The Care and Treatment of Horses with Scabies
Scabies is a condition caused by mites and recognizing the symptoms is essential to solving the problem. Today, we want to talk specifically about the treatment of horses with scabies.
Scabies is an infectious disease caused by mites, and it affects many different mammals, including humans. However, we’re not their preferred hosts. This pathology can become a problem in farm animals like horses because it’s contagious and passes easily from one animal to another. Therefore, it’s likely for scabies to spread throughout an entire stable if owners don’t isolate horses with scabies and treat them correctly. Here, we’ll show you how to identify scabies as well as how to treat it.
Scabies, also known as mange, is an illness of the skin that’s caused by mites. There are several different species and genres of these bothersome scabies-causing invertebrates. However, one very common genre is Sarcoptes, which produces a great deal of itchiness in animals.
This mite digs tiny tunnels in the skin and produces an itchy sensation. In an attempt to calm their discomfort, horses will scratch themselves with their teeth. In the same way, they may rub up against other objects or roll around on the ground. This excessive scratching can produce skin lesions in affected areas.
Mites tend to live among animals that have long and abundant fur. Therefore, it’s common among workhorses, especially in the dense tufts of fur around the bottom of their legs, near their hooves.
- Sarcoptic mange. This is the most serious. These mites prefer areas with fine hair (head, neck, shoulders), where females can dig tunnels to deposit their eggs. This causes intense itching in horses.
- Psoriatic mange. This type of scabies affects any area of the body with long hear, like the forehead, the mane, and the base of the tail. The scabs are moist and the mites remain on the skin’s surface. Psoriatic mange is more contagious than sarcoptic mange, but less harmful.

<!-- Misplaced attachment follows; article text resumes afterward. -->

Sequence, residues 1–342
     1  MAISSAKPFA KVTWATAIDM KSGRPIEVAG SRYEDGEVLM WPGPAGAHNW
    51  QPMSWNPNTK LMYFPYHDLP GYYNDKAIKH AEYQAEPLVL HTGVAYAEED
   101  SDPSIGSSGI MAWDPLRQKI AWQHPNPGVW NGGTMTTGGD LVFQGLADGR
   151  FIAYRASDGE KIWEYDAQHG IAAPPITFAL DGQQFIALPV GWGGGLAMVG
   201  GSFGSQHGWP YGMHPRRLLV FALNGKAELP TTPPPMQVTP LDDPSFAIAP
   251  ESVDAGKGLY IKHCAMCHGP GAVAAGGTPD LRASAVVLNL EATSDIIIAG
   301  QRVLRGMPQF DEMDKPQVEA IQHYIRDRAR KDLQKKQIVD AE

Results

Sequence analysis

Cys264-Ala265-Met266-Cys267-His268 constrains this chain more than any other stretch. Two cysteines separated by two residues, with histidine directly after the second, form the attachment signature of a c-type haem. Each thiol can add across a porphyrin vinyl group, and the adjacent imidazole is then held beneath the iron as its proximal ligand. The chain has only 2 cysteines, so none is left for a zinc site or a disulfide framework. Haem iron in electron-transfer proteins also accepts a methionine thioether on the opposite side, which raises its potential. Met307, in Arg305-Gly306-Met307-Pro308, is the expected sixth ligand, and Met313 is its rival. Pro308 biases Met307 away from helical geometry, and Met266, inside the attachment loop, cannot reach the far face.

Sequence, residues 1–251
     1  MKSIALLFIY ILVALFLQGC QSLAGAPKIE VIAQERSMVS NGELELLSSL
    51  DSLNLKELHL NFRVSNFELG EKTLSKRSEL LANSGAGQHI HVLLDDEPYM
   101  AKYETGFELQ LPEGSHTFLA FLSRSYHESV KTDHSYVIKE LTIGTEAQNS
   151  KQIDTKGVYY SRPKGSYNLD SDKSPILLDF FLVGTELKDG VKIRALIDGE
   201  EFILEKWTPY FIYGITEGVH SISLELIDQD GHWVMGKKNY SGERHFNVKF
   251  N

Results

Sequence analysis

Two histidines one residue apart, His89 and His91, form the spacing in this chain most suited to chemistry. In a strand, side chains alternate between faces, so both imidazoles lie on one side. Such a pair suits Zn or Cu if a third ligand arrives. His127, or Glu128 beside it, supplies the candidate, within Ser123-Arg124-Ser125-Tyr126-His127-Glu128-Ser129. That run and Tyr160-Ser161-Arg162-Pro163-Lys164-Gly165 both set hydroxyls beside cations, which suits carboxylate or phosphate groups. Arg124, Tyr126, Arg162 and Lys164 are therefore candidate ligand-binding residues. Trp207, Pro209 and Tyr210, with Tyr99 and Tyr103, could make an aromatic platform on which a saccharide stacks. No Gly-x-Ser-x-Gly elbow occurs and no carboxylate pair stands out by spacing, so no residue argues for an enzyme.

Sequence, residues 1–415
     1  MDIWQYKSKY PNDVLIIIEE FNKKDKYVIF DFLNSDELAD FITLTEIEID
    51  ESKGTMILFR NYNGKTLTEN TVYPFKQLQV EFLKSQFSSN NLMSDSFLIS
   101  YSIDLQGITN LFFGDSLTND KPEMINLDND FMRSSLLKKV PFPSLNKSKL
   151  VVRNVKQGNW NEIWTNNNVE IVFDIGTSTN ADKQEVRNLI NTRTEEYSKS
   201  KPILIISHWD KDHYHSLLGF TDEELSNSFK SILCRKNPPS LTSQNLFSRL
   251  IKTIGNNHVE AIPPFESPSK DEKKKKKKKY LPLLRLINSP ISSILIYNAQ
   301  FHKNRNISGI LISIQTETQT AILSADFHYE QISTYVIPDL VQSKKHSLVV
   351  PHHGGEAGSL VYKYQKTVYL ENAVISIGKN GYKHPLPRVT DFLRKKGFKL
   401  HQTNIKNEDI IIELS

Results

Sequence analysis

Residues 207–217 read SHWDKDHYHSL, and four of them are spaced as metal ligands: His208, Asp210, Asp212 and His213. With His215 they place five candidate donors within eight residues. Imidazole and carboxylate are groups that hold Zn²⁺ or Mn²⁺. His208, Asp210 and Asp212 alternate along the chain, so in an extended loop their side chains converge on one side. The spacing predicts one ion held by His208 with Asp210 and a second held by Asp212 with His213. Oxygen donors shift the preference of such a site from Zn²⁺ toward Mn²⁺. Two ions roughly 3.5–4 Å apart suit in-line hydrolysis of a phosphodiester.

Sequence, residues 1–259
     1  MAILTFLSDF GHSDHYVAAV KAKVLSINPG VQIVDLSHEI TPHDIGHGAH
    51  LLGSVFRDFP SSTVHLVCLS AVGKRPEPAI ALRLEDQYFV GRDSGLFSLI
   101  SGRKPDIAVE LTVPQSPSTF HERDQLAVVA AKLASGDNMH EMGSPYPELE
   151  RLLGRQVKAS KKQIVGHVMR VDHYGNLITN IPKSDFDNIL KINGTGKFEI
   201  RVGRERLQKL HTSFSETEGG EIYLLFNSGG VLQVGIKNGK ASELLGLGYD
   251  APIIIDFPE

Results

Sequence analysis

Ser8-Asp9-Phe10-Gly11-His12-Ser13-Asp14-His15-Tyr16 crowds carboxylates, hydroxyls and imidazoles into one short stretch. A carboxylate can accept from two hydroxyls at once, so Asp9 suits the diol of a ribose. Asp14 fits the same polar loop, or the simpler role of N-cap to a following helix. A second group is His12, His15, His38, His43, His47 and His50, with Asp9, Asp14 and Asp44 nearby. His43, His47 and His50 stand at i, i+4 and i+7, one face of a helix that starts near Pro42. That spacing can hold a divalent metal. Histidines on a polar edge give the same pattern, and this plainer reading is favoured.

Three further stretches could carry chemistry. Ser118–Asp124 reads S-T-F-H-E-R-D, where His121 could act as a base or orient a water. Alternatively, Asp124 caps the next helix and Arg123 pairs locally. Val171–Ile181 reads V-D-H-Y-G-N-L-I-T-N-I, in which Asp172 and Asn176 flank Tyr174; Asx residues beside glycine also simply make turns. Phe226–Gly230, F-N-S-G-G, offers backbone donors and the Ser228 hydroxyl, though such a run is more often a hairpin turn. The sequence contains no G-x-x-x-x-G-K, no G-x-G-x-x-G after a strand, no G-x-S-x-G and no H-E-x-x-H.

- Corioptic mange. These mites prefer the area around the hind legs, especially the area of the hock joint and cannon where hair is abundant. The production of “fat” is a typical symptom.
- Demodectic mange. This isn’t very common in horses. In this case, the skin flakes but doesn’t itch.
Horses with scabies may present an infection all over the body or just in concrete areas, depending on the type of mite that’s affecting the animal. The symptoms of scabies that we can identify are:
- Constant stomping
- Rubbing their back legs
- Scabs and papules on the head and ears – in the area of the neck, folds develop, which can spread all over the body in more serious cases
- Scabs on the back legs, mane, and the base of the tail
A veterinarian will evaluate the symptoms and perform a dermatological examination to identify the mite. They may conduct a series of tests, like scraping or placing adhesive tape on the horse’s skin. This allows them to take samples to analyze under a microscope to discover which mite is to blame.
When the environment is cold and moist, mites survive long periods of time far from their host. This makes it easier for them to spread by means of fomites. In other words, any object that comes in contact with a living creature that can potentially contain the pathogen.
In the case of horses, this can be bridles, blankets, saddles, or any other object, like brushes. However, the most common means of contagion is direct contact with an infected animal. In order to prevent the spread of mange, it’s important to maintain proper grooming and hygiene.
Mange is prevalent in horses that aren’t in good health.
If you notice any of the symptoms of scabies, contact your veterinarian in order to receive the correct treatment. It’s important to treat all of the animals that live together in order to reduce or eliminate the likeliness of contagion.
Lindane baths are very effective when it comes to treating scabies in horses, but you must be thorough. Oral treatments with ivermectin, an antiparasitic used also in other animal species, can be a good solution.